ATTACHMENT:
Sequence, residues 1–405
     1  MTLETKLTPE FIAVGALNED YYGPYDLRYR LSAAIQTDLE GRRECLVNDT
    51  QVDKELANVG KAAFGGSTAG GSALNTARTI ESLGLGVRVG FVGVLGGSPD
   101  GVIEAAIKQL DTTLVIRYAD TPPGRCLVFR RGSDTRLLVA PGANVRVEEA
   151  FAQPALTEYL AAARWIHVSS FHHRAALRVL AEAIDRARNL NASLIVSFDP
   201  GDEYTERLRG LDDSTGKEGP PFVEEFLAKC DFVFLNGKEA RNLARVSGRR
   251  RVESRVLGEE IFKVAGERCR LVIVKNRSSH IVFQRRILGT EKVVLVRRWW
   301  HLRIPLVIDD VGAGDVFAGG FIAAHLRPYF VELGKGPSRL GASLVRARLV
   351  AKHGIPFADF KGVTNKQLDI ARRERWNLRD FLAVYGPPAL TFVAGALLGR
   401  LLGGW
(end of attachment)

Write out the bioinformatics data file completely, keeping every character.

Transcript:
Sequence, residues 1–405
     1  MTLETKLTPE FIAVGALNED YYGPYDLRYR LSAAIQTDLE GRRECLVNDT
    51  QVDKELANVG KAAFGGSTAG GSALNTARTI ESLGLGVRVG FVGVLGGSPD
   101  GVIEAAIKQL DTTLVIRYAD TPPGRCLVFR RGSDTRLLVA PGANVRVEEA
   151  FAQPALTEYL AAARWIHVSS FHHRAALRVL AEAIDRARNL NASLIVSFDP
   201  GDEYTERLRG LDDSTGKEGP PFVEEFLAKC DFVFLNGKEA RNLARVSGRR
   251  RVESRVLGEE IFKVAGERCR LVIVKNRSSH IVFQRRILGT EKVVLVRRWW
   301  HLRIPLVIDD VGAGDVFAGG FIAAHLRPYF VELGKGPSRL GASLVRARLV
   351  AKHGIPFADF KGVTNKQLDI ARRERWNLRD FLAVYGPPAL TFVAGALLGR
   401  LLGGW